[Frequency and determinants of episiotomy in second-line obstetrics in The Netherlands]
Zondervan KT., Buitendijk SE., Anthony S., van Rijssel EJ., Verkerk PH.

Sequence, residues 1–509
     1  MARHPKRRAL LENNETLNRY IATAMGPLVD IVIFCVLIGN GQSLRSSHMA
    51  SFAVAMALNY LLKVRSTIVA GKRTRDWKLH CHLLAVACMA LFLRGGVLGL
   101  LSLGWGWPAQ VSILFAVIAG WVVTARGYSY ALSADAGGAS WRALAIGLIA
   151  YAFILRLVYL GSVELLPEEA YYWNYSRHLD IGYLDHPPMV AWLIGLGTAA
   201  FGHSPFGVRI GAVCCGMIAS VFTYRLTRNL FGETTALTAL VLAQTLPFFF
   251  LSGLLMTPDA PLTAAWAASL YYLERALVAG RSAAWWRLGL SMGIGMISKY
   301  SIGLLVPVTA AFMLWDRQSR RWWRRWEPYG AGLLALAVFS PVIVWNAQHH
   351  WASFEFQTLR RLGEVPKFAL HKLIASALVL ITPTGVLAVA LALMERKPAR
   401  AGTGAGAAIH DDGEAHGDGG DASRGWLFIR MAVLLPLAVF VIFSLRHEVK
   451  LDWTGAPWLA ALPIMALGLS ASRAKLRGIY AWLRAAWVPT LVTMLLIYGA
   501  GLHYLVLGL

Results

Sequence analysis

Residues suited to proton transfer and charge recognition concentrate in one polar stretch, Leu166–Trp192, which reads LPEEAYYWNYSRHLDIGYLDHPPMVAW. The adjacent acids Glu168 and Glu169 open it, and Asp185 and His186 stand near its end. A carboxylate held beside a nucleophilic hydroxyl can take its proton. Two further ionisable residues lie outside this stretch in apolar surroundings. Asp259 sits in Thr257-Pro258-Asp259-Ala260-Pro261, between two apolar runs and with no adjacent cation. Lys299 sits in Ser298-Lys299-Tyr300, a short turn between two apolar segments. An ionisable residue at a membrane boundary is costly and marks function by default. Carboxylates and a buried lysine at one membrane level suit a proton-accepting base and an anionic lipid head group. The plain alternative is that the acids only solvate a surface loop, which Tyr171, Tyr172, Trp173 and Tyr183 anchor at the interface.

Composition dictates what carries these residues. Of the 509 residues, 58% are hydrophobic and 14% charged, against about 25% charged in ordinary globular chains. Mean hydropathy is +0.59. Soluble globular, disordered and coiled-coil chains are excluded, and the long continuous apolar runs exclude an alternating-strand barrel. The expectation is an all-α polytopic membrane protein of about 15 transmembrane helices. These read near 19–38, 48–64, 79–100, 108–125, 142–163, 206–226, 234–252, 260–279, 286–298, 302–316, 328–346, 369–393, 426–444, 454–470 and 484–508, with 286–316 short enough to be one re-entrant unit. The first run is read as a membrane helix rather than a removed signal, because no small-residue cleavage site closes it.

OBJECTIVE: To study factors that influence the probability of episiotomy in Dutch gynaecologist-supervised deliveries. SETTING: Obstetric units of Dutch hospitals. DESIGN: Observational study. METHODS: Data of 65,313 gynaecologist-supervised, vaginal deliveries of live-born singletons registered in the Dutch National Obstetric Database of 1990, were used. Firstly, the effect of characteristics of the mother, the child, the pregnancy, and the delivery on the probability of episiotomy were assessed in univariate analyses. Subsequently logistic regression analysis was used to determine the effect of each variable, while adjusting for the other variables. RESULTS: The episiotomy rate in the total group of gynaecologist supervised deliveries was 39%. In the subgroup of vaginal deliveries of live born singletons, the rate was 46%. Besides the well-known risk factors such as parity, instrumental delivery and length of second stage of labour, ethnicity was also found to have an independent effect on the risk of an episiotomy. Mediterranean, Creole and Hindu women had a lower episiotomy risk than Dutch women (OR: 0.47 and 95% CI: 0.44-0.51). Gynaecologists more often performed episiotomy than midwives, after adjusting for possible confounding factors (OR: 1.54; 1.46-1.63). In University hospitals fewer episiotomies were performed than in large non-university hospitals (OR: 0.81; 0.76-0.87. CONCLUSION: The decision to perform episiotomy appears not to depend solely on factors related to perineal rupture or foetal complications. The probability of episiotomy is also influenced by attendant at delivery and type of hospital.